Start your week biking around Queenstown by exploring the Queenstown Trail. 22 different trails link together to form 130kms of well-maintained off-road cycle trails. The trails run beside Lake Whakatipu, along rivers, over to Arrowtown, loop around Coronet Peak, and wind through vineyards. Discover historic suspension bridges, sculptures, and cafes, ride a small section, or tackle the whole trail over at least 3 days.
Part of the Queenstown Trail, the Gibbston River Trail follows the Kawarau River through the Valley of Vines, making a cycle tour of the wineries one of Queenstown’s great spring activities. Take in dramatic vistas of the river gorge, celebrated architectural wineries, local cheese, al fresco eateries, and of course, delicious Central Otago wine. Head out under your own steam or join a guided tour.
Bike tour with a local guide
Around the Basin have been offering bike hire and guided tours on the Queenstown Trail for over a decade. Its three co-owners are adventurers through and through. Steve Norton is a local kayak coach and multi-sport athlete, skier and runner Lisa Cooper was born and bred in Queenstown, and co-owner Hamish Fleming is a mountaineer and endurance athlete. You couldn’t hope for a more intrepid bunch of guides.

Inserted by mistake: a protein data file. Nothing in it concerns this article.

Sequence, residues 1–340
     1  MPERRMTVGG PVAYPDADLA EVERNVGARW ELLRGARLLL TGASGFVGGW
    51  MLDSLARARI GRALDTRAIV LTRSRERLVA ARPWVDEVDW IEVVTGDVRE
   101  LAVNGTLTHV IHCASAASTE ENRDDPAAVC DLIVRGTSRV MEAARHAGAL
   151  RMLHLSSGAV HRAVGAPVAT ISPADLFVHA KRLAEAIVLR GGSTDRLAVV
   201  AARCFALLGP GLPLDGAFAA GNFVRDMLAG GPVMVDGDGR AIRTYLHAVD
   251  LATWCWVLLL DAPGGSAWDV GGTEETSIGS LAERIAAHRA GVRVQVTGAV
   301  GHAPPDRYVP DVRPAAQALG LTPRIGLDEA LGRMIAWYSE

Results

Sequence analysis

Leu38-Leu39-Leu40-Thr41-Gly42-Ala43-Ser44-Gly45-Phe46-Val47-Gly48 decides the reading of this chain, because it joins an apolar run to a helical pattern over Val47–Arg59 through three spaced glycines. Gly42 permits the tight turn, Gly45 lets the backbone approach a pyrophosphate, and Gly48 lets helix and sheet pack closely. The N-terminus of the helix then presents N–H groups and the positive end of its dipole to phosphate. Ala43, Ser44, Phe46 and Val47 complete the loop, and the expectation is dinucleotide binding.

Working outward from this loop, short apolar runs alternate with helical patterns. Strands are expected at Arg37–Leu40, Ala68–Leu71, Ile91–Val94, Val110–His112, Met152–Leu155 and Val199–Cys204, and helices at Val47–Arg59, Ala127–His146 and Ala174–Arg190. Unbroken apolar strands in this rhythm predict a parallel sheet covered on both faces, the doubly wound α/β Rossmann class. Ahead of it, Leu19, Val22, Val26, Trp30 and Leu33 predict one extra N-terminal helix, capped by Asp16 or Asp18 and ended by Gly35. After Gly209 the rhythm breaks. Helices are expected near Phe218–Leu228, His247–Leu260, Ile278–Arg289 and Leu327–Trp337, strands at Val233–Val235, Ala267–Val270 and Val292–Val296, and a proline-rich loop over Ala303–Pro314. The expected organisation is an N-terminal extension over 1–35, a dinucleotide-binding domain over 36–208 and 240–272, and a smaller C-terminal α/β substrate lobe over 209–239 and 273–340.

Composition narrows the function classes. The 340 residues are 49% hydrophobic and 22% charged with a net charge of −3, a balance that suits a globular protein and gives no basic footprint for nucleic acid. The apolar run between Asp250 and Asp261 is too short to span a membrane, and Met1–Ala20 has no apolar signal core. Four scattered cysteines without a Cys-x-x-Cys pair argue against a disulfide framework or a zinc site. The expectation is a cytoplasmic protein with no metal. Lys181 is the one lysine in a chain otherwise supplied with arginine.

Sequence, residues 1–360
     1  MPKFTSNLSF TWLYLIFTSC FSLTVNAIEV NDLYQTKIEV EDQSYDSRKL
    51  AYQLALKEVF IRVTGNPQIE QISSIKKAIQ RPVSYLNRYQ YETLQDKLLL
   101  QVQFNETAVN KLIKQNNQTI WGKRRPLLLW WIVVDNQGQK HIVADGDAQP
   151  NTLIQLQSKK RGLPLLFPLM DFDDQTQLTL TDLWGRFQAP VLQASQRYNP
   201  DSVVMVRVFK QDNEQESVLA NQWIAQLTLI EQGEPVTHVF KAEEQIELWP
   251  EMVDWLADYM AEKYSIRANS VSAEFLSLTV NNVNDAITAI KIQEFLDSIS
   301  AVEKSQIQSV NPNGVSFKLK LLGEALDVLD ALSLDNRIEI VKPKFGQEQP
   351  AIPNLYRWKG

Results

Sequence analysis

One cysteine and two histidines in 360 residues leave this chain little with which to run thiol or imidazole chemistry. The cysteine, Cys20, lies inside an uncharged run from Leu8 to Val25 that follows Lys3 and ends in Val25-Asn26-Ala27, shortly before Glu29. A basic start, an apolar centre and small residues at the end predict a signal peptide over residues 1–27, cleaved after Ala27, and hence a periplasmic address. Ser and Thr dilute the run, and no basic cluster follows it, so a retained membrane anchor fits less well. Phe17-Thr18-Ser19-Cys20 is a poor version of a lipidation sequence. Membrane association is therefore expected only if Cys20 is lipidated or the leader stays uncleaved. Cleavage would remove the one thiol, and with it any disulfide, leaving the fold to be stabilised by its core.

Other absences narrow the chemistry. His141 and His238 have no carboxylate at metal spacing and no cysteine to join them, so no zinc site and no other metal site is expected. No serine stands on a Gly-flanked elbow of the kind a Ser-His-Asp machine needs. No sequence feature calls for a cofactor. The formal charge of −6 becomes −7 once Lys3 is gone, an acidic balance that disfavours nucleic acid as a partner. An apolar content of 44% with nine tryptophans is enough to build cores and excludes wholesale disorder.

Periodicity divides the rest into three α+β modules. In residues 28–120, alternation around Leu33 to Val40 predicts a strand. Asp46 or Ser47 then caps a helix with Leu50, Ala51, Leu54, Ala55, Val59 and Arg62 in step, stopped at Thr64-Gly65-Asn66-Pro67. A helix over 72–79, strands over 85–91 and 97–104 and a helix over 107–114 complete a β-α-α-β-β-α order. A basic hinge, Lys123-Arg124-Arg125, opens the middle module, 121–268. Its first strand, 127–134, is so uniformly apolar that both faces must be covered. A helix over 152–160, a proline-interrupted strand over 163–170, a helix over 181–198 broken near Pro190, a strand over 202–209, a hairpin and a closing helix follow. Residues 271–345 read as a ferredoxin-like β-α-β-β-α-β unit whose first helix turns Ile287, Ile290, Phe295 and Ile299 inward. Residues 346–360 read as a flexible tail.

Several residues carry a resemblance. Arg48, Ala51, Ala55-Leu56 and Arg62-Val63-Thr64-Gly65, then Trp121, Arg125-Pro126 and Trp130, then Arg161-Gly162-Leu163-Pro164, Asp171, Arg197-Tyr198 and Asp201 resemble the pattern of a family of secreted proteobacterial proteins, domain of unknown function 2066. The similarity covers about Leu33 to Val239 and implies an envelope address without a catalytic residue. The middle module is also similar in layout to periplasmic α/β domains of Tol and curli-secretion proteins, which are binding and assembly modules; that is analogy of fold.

Better By Bike is a family-owned business that’s been operating out of Arrowtown for 10 years –they know the Queenstown Trail like their backyard. You can hire e-bikes, mountain bikes, and even an electric tandem and the friendly team will send you off with a wealth of local tips for where to ride and what to see.
Discover downhill thrills